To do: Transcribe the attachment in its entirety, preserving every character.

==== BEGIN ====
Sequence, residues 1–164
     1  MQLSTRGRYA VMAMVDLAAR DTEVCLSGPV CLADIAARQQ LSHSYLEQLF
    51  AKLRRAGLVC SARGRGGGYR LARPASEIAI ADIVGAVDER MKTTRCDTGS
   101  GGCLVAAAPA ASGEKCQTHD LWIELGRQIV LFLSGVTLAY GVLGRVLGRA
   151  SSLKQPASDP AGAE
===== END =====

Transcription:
Sequence, residues 1–164
     1  MQLSTRGRYA VMAMVDLAAR DTEVCLSGPV CLADIAARQQ LSHSYLEQLF
    51  AKLRRAGLVC SARGRGGGYR LARPASEIAI ADIVGAVDER MKTTRCDTGS
   101  GGCLVAAAPA ASGEKCQTHD LWIELGRQIV LFLSGVTLAY GVLGRVLGRA
   151  SSLKQPASDP AGAE